The episode adapted for The Outer Limits is quite good, with a strong performance by talented Catherine O'Hara as Rebecca, who received a Gemini nomination. The episode captures the story's essence and keeps quite consistent with the source material, though replaces Jesus with a photograph of a model (portrayed by episode director Steven Weber, who also portrayed Jack Torrance in the 1997 television adaptation of King's The Shining). This change is most likely not to offend sponsors, and though it helps to eliminate that element of male dominance in her life, as a model is less effective than one's religion and its central figure, much of King's story is intact.

Monday, March 5, 2018

Joe R Lansdale, Prisoner 489 (2014)

Lansdale, Joe R. Prisoner 489. Dark Regions Press, October 2014

Dark Regions Press website
Prisoner 489 at Goodreads
Prisoner 489 at ISFdb

Rating:     6/10



As the second installment of Dark Regions Press's series of novallas by established genre authors, Dark Labyrinth, Prisoner 489 welcomed Lansdale back to folds of traditional horror. The novella takes place on a small burial island near a maximum security prison, where the executed are laid to rest. Doing time for their own misdeeds, three men live and work the island, and are faced with an unusual situation when the corpse of the latest prisoner, labeled 489, is brought to the island for burial.

The novella can be broken down into three distinct sections: the premise, the tale of Prisoner 489, and the final ensuing island chase. The strongest third of the book is the first, where we learn of the burial island and its three inhabitants. The island setting and the repetitive routine of the three occupants is so interesting that the book, what is essentially a stretched out short story, could have been further stretched out to novel-length. For the United Nations to invest so much in the burial of executed prisoners is a fascinating detail in itself, indicating that these prisoners are unique, a fact confirmed by the unnamed 489. There is a rumour that this setting is to be featured in other, forthcoming Lansdale stories, which I would look forward to. Whether this is an alternate universe or the near future is not defined, nor if this is a secret present-day reality the public is unaware of but the author has insight into. You never know.

While Lansdale does well in serving up an excellent premise and landscape, the characters who inhabit this little island are a little too generic. While being serviceable, the climactic chase scene manages to somehow diminish them a little, rather than allow them to blend into the drama. The attempt at humour during the tense moments unfortunately does not help. Despite this aside the book is a good read, and gorgeously presented in layout, and particularly with the inclusion of the excellent artwork by Santiago Caruso. Generous in number, each illustration is worth its page. In fact, the little book's entire design is sleek and attractive, adding to the reading experience. For me the physical book itself can be as valued as its contents, and in this case it even enhances the experience of reading.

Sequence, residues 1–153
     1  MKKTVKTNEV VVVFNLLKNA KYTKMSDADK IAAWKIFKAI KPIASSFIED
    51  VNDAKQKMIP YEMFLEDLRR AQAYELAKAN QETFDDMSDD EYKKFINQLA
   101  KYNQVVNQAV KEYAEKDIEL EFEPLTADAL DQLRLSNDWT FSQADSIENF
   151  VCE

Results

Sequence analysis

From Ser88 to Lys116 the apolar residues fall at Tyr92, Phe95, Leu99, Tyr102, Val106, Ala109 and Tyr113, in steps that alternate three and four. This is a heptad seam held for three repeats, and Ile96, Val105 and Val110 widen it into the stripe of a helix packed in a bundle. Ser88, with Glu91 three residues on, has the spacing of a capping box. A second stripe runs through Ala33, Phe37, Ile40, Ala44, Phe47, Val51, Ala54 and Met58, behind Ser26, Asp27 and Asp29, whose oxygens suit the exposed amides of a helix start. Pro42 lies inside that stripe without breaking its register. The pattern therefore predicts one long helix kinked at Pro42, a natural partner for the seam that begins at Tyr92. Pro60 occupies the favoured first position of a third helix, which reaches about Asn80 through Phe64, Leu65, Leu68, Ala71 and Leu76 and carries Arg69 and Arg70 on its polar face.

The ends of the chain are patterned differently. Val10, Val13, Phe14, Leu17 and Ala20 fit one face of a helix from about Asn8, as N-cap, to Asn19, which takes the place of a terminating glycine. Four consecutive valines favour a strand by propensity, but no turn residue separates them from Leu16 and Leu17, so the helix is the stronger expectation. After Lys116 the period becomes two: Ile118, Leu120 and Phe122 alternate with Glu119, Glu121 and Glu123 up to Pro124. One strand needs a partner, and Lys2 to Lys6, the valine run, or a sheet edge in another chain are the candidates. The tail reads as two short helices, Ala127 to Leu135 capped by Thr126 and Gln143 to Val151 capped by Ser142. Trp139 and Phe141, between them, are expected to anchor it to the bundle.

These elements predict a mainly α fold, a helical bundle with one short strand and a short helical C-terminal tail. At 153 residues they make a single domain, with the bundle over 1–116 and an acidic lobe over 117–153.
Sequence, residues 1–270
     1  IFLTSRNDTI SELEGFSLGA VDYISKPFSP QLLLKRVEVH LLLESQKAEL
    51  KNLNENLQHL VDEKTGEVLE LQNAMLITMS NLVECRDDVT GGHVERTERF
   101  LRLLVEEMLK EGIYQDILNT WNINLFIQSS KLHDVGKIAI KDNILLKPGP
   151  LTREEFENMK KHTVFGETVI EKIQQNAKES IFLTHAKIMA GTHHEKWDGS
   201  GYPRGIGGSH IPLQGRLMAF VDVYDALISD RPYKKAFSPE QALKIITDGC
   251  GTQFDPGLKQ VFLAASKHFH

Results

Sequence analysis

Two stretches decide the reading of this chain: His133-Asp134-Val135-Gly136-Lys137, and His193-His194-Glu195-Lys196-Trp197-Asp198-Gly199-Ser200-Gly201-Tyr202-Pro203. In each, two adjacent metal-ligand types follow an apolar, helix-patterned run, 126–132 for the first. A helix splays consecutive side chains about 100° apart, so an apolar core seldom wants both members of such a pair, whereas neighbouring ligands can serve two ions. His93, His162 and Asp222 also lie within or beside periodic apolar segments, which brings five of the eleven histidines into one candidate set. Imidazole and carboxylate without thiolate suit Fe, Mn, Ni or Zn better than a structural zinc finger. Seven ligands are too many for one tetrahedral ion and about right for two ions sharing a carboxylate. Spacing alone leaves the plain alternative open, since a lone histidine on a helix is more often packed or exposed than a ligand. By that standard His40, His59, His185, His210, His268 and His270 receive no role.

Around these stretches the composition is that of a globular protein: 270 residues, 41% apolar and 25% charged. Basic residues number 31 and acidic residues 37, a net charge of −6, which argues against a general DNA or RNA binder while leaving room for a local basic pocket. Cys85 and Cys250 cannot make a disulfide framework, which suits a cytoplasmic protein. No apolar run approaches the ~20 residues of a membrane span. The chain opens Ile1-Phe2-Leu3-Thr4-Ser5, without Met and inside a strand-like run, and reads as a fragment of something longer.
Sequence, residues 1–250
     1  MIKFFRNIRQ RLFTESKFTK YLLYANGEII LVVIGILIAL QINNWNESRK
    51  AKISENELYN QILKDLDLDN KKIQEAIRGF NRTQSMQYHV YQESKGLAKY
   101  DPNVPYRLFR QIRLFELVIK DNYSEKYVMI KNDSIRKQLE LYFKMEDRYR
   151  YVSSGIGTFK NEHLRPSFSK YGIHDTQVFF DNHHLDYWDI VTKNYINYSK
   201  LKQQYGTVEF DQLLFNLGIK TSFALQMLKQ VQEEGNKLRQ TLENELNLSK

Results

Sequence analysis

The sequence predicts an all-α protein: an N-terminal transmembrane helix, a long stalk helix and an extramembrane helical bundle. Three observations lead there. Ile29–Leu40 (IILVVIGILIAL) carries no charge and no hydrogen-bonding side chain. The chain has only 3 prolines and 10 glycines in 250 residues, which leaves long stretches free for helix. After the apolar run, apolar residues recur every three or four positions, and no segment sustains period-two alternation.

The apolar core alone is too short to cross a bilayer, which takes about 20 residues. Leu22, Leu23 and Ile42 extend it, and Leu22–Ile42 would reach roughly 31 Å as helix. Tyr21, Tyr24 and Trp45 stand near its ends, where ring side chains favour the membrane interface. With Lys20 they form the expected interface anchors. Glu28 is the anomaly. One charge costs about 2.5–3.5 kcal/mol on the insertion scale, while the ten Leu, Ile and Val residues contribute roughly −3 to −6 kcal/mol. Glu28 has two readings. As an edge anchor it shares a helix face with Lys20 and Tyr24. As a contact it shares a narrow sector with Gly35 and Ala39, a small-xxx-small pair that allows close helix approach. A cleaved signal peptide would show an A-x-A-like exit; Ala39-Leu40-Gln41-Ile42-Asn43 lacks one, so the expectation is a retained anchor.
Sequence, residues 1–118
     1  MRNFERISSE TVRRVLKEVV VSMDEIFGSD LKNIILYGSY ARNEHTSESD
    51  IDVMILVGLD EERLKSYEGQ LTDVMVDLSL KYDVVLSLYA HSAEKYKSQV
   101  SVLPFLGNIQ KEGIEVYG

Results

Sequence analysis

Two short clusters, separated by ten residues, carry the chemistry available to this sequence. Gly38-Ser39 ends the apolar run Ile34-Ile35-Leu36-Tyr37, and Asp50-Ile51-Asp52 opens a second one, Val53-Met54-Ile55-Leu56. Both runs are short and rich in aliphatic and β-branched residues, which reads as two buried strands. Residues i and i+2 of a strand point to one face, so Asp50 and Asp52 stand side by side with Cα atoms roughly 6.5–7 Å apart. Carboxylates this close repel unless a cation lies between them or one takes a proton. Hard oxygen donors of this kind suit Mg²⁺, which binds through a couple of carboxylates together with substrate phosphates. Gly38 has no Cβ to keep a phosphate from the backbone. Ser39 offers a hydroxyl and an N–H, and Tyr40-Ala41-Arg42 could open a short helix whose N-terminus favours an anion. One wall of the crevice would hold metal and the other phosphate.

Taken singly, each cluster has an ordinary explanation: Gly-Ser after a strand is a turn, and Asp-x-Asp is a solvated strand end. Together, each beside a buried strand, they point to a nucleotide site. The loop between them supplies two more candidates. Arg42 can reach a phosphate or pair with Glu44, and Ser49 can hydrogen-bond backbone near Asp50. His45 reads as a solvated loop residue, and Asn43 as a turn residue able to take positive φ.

This book was part of an exciting purchase made through Dark Regions Press. Along with Prisoner 489 I received Lansdale's Hot in December, the Michael Bailey edited The Library of the Dead, James Chambers's Resurrection House, Gary McMahon's Tales of the Weak and the Wounded, and a bundle of e-books.

Check out their webpage and catalog.


Sunday, December 31, 2017

The Fiction Desk: Separations

Separations: Stories from The Fiction Desk 10. Edited by Rob Redman. The Fiction Desk Ltd., 2016

Separations at Goodreads
Image result for Separations fiction deskThe Fiction Desk website

Overall rating:     7/10



The introduction to the tenth Fiction Desk anthology links the title thematically to the individual stories, as well as politically with the recent Brexit phenomena, and more than most TFD issues, aside from the Ghost Story volumes, the theme of this one is appropriate to the individual stories.

The top three stories of the 2015 ghost stories competition are included here. Though I was a little bummed that not all the finalists were included as one of my own stories was included in the group, the reasoning given not to have a separate issue of ghost tales in 2016 is totally understandable, and largely a good decision in terms of the publication. In terms of the top three stories included here, they are all strong stories, though I would order them differently, placing Mastrantone's "Home Solutions for Mould" (second place) at the top, followed by Alex Clark's "Poor Billy" (third place), and then Anabel Graf's "Soup--Condensed" (first place).